Without thinking, Hayley crams her bag full with the white, snowflake-printed packets. There goes her brilliant career in drug trafficking. Even if she lived enough to sell all of these, it would be the last time selling anything.

Heart clogging her throat, she somehow manages to sneak out of the shipyard without his guards noticing. She was lucky he must have sent them to patrol the perimeter and leave him alone with her for a while. Didn't think she'd put up much of a fight.

Hayley's thoughts are simultaneously blank and racing as she makes her way home. The wind is cutting through her, tugging at her backpack. Halfway there, she realizes rushing home is not the smartest move. She's just killed a man and stolen from – whoever took over from Bianca. Someone dangerous, in any case. The evidence is on her clothes and in her bag. She can't outrun this. They know where she lives.

But she can't turn back either. They'd get her family, make them pay for what she did.

As Hayley slows to think up a plan of action, a limo pulls up beside her. She is hauled inside before she can so much as yelp. After a second of frozen terror, Hayley struggles. But to no avail.

"Did you think you could steal from me and get away scot-free?" a throaty voice asks. Hayley's head snaps up from where it's held between her knees and she stops elbowing her captor.

On the opposite seat, a woman in white lounges with a martini on her fingertips.

The mayor's wife.

"From you?" Hayley blurts. "But you're rallying against Nicotics."

"That is just marketing, dove." The woman smiles and a chill courses through Hayley. She finally recognizes her. The woman has blond hair and a peachy teint now, but true enough, it's Bianca. The new name should have given it away.

Tears rush hot to her eyes as memory uncovers the remnants of her grief. "I didn't figure you for the marrying type," she says in lieu of a sob.

"Desperate times, darling."

There's a silence as Blanche—Bianca nurses her drink. Hayley watches her lips curve against the rim of the glass. She's trembling, but more from excitement than alarm. The fact that she had killed a man and nearly doomed her family to retribution, or even that her elbows are still held in a death grip no longer seem to matter. Anything is possible now that Bianca is back in her life.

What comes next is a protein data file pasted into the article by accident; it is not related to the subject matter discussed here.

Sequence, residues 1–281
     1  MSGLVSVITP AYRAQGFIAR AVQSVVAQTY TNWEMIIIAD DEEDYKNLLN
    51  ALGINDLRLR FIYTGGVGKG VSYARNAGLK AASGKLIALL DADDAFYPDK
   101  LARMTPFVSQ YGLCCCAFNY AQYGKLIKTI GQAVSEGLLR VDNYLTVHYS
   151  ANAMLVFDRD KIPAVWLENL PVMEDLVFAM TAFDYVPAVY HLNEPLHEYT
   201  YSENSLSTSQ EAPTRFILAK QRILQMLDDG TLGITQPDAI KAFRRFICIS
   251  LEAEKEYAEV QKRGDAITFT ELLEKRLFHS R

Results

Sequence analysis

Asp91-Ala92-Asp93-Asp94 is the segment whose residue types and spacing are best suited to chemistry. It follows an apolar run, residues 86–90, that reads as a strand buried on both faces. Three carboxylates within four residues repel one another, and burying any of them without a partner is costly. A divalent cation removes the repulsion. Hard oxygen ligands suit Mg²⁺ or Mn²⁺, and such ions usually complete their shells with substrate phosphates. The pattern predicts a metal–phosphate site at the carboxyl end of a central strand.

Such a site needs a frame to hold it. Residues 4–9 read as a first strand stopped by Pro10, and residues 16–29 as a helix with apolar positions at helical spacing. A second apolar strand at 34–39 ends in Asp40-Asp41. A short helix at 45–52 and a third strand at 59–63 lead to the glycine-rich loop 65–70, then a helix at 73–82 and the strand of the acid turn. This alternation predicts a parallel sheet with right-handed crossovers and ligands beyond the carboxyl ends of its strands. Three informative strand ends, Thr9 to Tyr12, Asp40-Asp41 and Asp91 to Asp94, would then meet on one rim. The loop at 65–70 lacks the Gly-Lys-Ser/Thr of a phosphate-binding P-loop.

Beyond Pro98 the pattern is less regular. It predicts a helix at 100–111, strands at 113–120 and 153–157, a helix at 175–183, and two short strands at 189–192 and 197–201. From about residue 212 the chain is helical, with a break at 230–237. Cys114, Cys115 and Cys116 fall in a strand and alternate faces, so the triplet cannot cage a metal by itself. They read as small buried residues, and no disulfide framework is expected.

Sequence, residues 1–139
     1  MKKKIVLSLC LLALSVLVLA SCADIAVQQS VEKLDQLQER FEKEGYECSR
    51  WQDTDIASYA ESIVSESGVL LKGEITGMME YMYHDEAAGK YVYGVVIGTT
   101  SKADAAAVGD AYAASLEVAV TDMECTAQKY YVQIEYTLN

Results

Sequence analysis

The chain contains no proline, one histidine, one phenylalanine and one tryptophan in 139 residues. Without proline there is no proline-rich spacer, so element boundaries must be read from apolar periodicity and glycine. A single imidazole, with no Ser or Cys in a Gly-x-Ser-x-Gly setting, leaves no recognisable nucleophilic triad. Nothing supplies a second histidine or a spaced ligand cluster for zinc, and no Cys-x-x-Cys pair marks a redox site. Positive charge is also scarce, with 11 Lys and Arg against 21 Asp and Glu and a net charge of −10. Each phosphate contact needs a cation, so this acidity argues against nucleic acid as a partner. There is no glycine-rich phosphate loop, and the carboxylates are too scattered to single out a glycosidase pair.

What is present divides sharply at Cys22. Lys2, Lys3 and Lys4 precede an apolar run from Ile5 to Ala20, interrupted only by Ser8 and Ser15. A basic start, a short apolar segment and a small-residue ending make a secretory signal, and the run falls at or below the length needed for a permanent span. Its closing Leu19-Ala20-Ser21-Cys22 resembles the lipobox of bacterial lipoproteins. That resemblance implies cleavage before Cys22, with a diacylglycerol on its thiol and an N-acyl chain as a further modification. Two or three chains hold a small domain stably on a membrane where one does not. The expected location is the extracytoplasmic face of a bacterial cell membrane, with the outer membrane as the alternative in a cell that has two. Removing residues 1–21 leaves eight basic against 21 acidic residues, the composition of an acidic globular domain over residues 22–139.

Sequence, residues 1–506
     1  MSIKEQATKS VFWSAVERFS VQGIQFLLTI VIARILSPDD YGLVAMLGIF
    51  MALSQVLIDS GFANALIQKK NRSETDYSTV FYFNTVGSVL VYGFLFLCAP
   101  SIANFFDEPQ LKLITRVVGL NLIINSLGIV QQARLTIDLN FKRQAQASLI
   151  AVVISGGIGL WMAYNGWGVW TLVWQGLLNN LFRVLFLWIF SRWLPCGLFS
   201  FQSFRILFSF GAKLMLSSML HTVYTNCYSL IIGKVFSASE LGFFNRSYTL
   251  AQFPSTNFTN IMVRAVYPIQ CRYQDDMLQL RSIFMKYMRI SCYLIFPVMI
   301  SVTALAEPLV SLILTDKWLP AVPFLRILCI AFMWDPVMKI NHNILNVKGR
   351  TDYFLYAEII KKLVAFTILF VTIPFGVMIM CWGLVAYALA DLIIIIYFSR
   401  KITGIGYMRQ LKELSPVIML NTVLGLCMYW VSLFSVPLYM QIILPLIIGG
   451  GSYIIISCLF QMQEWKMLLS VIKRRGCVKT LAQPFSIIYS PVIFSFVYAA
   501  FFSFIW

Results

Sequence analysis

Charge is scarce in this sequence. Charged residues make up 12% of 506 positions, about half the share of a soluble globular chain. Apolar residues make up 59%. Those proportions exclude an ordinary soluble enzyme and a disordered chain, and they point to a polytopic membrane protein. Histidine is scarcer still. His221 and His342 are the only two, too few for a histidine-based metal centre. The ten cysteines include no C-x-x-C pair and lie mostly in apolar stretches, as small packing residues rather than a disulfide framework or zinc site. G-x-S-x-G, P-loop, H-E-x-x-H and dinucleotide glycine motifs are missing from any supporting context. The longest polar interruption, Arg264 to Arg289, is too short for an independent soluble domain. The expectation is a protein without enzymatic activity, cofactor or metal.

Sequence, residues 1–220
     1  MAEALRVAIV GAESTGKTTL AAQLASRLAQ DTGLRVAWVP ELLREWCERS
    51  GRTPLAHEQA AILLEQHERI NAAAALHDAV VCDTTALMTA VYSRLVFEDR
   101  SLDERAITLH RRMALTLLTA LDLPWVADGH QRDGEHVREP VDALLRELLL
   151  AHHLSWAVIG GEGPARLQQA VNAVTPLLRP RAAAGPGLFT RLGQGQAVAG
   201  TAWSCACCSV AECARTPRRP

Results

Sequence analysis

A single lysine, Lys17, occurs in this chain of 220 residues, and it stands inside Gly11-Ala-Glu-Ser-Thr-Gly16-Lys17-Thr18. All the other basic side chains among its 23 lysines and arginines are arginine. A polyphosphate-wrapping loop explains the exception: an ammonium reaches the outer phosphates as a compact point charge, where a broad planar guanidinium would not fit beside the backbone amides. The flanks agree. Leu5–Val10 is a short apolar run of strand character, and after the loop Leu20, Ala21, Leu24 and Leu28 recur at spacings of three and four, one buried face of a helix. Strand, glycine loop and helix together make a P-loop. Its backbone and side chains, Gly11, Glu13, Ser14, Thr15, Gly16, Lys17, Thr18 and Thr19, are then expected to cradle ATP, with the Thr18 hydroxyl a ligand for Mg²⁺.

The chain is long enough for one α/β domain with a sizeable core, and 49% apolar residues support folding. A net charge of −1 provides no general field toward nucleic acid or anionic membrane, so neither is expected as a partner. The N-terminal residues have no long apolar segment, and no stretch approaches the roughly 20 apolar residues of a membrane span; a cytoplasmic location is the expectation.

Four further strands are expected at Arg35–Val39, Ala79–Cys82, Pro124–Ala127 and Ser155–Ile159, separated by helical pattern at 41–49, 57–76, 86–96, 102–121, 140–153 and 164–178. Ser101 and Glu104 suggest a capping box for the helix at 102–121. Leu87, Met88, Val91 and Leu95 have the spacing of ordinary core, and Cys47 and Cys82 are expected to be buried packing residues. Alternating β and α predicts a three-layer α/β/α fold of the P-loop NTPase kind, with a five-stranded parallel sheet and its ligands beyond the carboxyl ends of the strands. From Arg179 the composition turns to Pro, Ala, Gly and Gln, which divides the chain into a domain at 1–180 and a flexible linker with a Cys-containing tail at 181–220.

"What," Hayley swallows, "is going to happen now?"

She means with her, with them, but leaves the interpretation up to Bianca. She's screwed up royally, after all, and has nothing to bargain with.

"That depends entirely on what you were going to do with my merchandise."

"Honestly," Hayley drops her gaze. This is embarrassing. "I didn't think that far ahead. I—I didn't mean to."

Bianca nods and lights a cigarette, as though she has expected this answer.

"I thought you were dead."

"I know."

Another moment of silence, as Bianca seems to contemplate the tendrils smoke rising from between her fingers.

"What about Jonah? Is he—"

"Dead? Yes." Bianca waves a hand. Her wedding band catches the light and a spike of jealousy twists in Hayley's gut. "Don't concern yourself with him, he was useless and deserved what he got. You did me a favor by getting rid of him."

With a simple word like 'favor,' hope shimmers on the horizon. "Does that mean I can work for you again?"

Bianca gestures her thugs to release Hayley. When they do, she leans forward, threading her long fingers into Hayley's hair. Her eyes are the green of poisoned apples, her smile that of a viper. "I'm sure I can find a place for you."